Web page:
It was January 14, 1935, and the Washington crew team sat on the benches, waiting for Al Ulbrickson to make his announcements concerning the upcoming rowing season. Ulbrickson began by saying that the team would focus on getting into peak physical condition, rather than technique. He added that his goal was to send Washington athletes to the Olympic games in 1936. He insisted that some of his team would end up on the podium in Berlin—a statement that made the team cheer. After Ulbrickson’s speech, rivalries broke out on the team. Nobody was sure who Ulbrickson was talking about when he’d brought up Berlin, but everyone secretly hoped he’d been talking about them. The nine sophomores believed that Ulbrickson had been referring to them; however, Ulbrickson also seemed interested in sending a varsity rower named Broussais C. Beck Junior to Berlin. Joe noticed that Beck was a wealthy, spoiled student.
Ulbrickson had carefully refrained from showering the sophomore team with praise for fear that the team would become overly cocky and lazy. Now, he praises the entire Washington crew team, thereby encouraging the sophomores to compete with their peers for Olympic glory. In other words, Ulbrickson deliberately fostered a rivalry within his team, recognizing that such a rivalry would probably made his rowers stronger. In part, the rivalry that broke out on the team was a class-based rivalry: Joe in particular resented the fact that his wealthier peers were being considered for the same place on the Olympic rowing team.
Tom Bolles, in charge of the new freshman crew, realized that he might be able to assemble an even better team than the one he’d assembled last year. But during this time there was a flu outbreak on campus, and many students were sick. Meanwhile, the newspaper published a story about the sophomores’ Olympic chances, outraging the varsity team. Bobby Moch, the coxswain of the JV team, took advantage of the fact that Bob Green, a sophomore rower, liked to shout while he rowed. While Bob shouted, Moch would whisper to his own rowers to take twenty big strokes “after five more” (i.e., wait five strokes and then take the twenty big strokes). Then, when Green fell silent, Moch would turn to the sophomores and yell, “Green just opened his big mouth again. Let’s pass them”—by which point his boat would already be accelerating forward, “as if by magic.” Moch’s tactic always made the sophomore rowers lose their cool—especially Joe. Ulbrickson began to doubt his sophomores’ abilities—he’d expected them to emerge as the new varsity lineup, but now they couldn’t even beat the JV team.
The rivalry within the Washington rowing team was intended to make the rowers stronger in the end; however, this passage suggests that it had the opposite effect. Instead of strengthening the rowers, the rivalry made them increasingly insecure; for example, Bobby Moch’s teasing trickery caused Bob Green and his sophomore peers to question their own abilities. Moch’s performance reminds readers that although the coxswain isn’t an oarsman, he plays a crucial role in his boat, determining the strategy that will or won’t bring the team to victory.
On afternoon, Ulbrickson summoned his sophomores into his office and told them that they weren’t trying hard enough: they were sloppy and lazy. The talk was devastating for Joe, as well as Roger Morris and Shorty Hunt, Joe’s two closest friends. Shorty Hunt went on to become one of the best rowers in Washington history. He was also a good student, a handsome man, and a member of student government; however, he was thin-skinned, and couldn’t deal with teammates’ taunts. Like Shorty, Joe felt intense self-doubt after meeting with Ulbrickson.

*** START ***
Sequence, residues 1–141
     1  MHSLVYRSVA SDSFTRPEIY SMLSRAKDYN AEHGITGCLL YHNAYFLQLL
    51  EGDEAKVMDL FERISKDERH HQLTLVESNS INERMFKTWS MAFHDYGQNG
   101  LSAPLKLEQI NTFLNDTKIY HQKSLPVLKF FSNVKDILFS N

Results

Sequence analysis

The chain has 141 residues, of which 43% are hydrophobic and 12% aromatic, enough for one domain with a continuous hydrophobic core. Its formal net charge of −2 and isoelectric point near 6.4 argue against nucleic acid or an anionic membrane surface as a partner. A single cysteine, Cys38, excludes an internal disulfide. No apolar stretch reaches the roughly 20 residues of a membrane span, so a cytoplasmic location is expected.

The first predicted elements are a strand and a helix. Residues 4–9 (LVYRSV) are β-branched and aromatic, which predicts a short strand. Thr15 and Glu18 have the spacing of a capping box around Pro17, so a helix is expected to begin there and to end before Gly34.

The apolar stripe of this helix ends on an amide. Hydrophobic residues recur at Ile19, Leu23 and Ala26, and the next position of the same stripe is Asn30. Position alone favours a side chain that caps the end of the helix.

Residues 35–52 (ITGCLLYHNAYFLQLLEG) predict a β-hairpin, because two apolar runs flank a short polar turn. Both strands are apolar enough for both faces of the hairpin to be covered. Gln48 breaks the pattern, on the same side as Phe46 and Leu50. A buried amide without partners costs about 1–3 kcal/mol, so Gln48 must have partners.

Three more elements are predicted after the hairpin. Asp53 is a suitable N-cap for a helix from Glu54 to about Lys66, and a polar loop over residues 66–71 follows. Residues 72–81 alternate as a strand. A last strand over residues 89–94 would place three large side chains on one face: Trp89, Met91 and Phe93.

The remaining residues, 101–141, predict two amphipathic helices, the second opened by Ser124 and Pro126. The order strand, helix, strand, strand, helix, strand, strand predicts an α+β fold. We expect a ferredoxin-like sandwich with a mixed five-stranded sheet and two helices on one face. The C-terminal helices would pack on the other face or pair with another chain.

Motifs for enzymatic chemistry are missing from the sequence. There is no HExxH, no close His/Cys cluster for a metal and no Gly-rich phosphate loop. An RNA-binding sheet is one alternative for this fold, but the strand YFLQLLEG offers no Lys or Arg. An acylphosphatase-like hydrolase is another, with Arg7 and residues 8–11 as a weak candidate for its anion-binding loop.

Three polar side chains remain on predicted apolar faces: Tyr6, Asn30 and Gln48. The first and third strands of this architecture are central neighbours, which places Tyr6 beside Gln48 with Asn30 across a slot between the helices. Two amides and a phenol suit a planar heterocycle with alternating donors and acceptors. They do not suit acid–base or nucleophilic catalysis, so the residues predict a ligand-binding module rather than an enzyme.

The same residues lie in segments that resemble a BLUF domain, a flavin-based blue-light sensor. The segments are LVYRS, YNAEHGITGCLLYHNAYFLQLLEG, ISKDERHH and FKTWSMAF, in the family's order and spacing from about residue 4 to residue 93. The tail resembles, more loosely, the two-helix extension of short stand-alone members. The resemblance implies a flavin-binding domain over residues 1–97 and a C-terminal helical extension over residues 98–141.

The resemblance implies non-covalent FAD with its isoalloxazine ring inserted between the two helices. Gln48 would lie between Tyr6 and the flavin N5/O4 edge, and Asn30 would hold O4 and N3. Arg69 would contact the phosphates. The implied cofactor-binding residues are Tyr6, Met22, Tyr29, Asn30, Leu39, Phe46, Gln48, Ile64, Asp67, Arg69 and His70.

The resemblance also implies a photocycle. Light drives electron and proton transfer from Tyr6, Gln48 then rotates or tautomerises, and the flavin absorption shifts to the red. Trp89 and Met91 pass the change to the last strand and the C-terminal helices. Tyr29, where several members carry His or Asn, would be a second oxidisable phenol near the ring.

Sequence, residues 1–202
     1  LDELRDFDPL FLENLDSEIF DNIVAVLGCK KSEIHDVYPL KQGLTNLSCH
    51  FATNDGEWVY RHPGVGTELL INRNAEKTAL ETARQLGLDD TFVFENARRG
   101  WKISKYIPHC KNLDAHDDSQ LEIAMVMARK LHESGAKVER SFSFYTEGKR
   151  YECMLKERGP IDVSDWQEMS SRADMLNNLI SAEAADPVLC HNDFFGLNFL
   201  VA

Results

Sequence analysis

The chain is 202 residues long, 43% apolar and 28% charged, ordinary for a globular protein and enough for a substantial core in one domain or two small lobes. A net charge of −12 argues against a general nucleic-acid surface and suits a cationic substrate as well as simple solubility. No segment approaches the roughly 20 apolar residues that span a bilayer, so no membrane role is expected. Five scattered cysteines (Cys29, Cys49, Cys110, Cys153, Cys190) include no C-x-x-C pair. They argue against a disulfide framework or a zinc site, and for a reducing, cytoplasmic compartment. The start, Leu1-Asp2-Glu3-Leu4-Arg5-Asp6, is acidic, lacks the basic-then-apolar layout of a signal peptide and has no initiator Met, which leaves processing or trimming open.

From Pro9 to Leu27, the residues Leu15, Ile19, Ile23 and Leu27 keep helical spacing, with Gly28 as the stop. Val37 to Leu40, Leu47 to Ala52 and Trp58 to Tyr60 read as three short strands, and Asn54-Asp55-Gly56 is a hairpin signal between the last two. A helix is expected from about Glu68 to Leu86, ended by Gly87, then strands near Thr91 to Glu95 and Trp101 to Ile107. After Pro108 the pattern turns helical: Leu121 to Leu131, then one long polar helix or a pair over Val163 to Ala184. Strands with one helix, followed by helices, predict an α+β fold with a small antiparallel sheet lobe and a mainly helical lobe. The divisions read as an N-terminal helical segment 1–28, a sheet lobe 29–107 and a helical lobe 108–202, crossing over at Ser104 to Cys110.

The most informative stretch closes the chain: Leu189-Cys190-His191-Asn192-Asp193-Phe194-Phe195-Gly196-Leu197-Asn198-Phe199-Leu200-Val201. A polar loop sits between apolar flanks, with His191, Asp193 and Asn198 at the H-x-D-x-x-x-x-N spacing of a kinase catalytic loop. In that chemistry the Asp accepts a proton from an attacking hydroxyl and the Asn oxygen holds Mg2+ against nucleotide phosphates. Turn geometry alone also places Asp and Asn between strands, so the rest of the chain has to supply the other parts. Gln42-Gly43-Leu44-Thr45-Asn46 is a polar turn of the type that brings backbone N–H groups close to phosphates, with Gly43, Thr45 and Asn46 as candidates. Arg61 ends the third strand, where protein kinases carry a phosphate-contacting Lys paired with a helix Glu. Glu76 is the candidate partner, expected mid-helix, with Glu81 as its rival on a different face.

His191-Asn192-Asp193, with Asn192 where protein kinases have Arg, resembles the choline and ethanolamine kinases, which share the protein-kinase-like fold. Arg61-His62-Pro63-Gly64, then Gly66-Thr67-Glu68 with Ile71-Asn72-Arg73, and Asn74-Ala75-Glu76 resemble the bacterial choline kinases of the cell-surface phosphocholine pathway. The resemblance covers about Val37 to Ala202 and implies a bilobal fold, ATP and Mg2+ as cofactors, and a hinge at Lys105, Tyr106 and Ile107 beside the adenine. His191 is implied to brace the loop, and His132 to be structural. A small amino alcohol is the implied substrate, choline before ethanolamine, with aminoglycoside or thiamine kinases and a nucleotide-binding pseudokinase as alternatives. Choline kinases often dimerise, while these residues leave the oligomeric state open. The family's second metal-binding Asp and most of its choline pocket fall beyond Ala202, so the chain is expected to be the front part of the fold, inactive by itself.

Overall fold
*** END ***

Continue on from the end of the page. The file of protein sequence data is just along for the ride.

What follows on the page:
So far, the book has offered relatively little information about the other rowers on the Washington team; here, however, readers begin to learn that there were many others who hailed from a background similar to Joe Rantz’s own. Like Joe, the other sophomore rowers struggled with insecurity and self-doubt; before they made it to the Olympics, they had to learn how to control their own minds.
In the weeks following Ulbrickson’s meeting, the sophomores began performing better. But they had bad days, too, during which they seemed incapable of cooperating. Nevertheless, Ulbrickson began listing the sophomores as the varsity team. Thinking ahead to Berlin, Ulbrickson wondered if he’d be able to use any of the freshmen in two years. In particular, he wondered about Don Hume, a talented freshman who rowed very consistently. Ulbrickson also liked the JV rower Jim McMillin, a powerful athlete. As March approached, Ulbrickson began mixing athletes from different boats. He came to realize the team’s problem: there were too many talented individuals, and not enough team players.
Ulbrickson began to experiment with different strategies and combinations of rowers—a period that proved invaluable in assembling the future Olympic team. Ulbrickson’s key insight was that rowing was a team sport, not a sport for talented individuals. Training an Olympic team wasn’t just a matter of teaching his students how to row quickly and efficiently; rather, winning a gold medal would require the teammates to learn how to work together.
In April, the weather became sunny again, and Joe and Joyce rented a canoe. On the water, they talked about getting married one day soon, and Joe sang and played the guitar for Joyce. The next day, Joe traveled out to visit his father. Harry hadn’t seen Joe in almost six years, and he seemed nervous about having to talk with his son. Joe asked about his half-siblings, and Harry seemed relieved not to have to talk about the day he abandoned Joe in Sequim.